The continuous efforts of humankind to desire progress and liberty have shaped the advancement of the human civilization, and humanity have more or less benefitted from the progressive nature of human beings. Yet, it is also often observed in the history of mankind that human thoughts usually do not deviate much from the values constructed by the worldview prevalent in the society. This is especially noticeable in medieval European society characterized by Christian ideas deeply rooted in virtually every aspect of the culture. In this regard, the letters of Abelard and Heloise may serve as a great primary source to understand the prevalent thoughts of the culture. Although the philosophies and behaviors of Abelard and Heloise may seem radical from the norms of the medieval society, their point of views toward the role of male and female largely conform to the social construct created by the traditional ideals of medieval men and women.
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The gender views of European medieval society was largely built upon the Aristotle and Tertullian views that degraded the status of women into a lower form of life and characterized them as the devil’s gateway (Lecture, October 09). Many subsequent Christian intellects such as St. Jerome and St. Augustine have also contributed to ingraining the idea of misogyny -hatred of women – in the medieval views toward the female sexuality, which created the gender stereotype that profoundly separated the role of men and women (Lecture, October 09). One possible explanation for which created gender inequality in the society may be attributed to the medieval education that regarded the Bible and Aristotle as unquestionable authority, and the limited number of educational resources available during the time throughout the continent may have greatly constrained the breadth of their intellectual diversity (Lecture, October 24).
Both Abelard and Heloise as well must have been influenced by the aforementioned medieval Christian perspectives on the gender roles. Yet, one may argue that a few instances in the letters indicate that their gender views were considered extreme compared to the norms of their contemporaries. Abelard indeed placed Heloise’s name in the very beginning of greeting which astounded Heloise for it was uncustomary deeds for men in letter-writing (Radice, pp. 56 & 63). And, Heloise denounced the concept of marriage in that it merely creates unnecessary bondage between men and women (Radice, pp. 13 & 51). However, despite their seemingly radical perspectives, their rational thoughts were ultimately confined in medieval thinking. Abelard, even after his castration, could not free himself from the typical androcentric idea of medieval Europe that men are the sole purpose for the existence of women. Abelard in the third letter constantly asked Heloise to live a pious life, not for the sake of her spirituality but for his own salvation (Radice, pp. 59-62). Furthermore, Heloise’s thinking did not go beyond that of subordinate medieval woman in that she attributed her decision to be a nun solely to the command of Abelard (Radice, pp. 69). Hence, they were, in a broad sense, not so much different from conventional medieval men and women.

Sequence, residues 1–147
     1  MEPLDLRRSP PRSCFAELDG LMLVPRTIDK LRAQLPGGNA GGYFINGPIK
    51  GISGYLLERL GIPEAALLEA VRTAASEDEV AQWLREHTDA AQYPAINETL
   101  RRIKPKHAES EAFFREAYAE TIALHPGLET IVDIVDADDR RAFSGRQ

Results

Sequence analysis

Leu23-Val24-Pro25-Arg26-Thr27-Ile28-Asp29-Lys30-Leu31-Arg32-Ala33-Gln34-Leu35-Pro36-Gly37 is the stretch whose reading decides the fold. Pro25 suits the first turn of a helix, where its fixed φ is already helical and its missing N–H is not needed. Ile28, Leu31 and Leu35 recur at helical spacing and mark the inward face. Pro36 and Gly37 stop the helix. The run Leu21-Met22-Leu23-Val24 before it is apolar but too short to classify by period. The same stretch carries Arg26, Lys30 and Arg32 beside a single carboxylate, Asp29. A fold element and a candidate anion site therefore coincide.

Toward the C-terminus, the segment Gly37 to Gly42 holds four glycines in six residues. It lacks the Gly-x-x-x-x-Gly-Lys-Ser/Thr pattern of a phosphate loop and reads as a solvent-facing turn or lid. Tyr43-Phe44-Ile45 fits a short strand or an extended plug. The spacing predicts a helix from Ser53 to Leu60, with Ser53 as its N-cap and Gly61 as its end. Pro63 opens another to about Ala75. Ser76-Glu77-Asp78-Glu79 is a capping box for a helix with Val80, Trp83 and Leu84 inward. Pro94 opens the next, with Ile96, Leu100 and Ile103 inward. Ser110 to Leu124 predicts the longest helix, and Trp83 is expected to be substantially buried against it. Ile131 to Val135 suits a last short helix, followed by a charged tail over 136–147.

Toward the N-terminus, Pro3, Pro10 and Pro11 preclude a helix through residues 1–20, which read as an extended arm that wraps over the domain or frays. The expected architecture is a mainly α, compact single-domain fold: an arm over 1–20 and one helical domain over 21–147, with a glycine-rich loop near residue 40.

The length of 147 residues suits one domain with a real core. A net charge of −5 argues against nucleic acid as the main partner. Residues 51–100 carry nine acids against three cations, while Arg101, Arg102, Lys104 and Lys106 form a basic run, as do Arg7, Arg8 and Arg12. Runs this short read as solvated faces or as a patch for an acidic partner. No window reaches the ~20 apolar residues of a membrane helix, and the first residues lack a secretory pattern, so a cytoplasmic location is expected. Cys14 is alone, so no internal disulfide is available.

Throughout the letters, Abelard and Heloise’s perspectives on gender roles were strictly based upon the traditional dichotomous views on sexuality. For instance, in the androcentric mind of Abelard, women in the medieval society were viewed as a weaker sex who needs help of the stronger since there were certainly things that “cannot be carried out by women” (Radice, p. 39). Moreover, Heloise, despite her being a woman, did not seem to be appalled at the idea that men are superior to women. Instead, she instinctively acknowledged the weaker nature of women indicated by her discussion of her abbey which she called it “feminine”; she also described it as weak, frail, and needing a more careful attention (Radice, p. 49). Throughout the first four letters from Abelard and Heloise, they both retained congruent views rather than discordant opinions regarding the masculinity and femininity, and this dichotomous way of looking at gender indeed did not deviate much from the conventional thinking of the medieval society.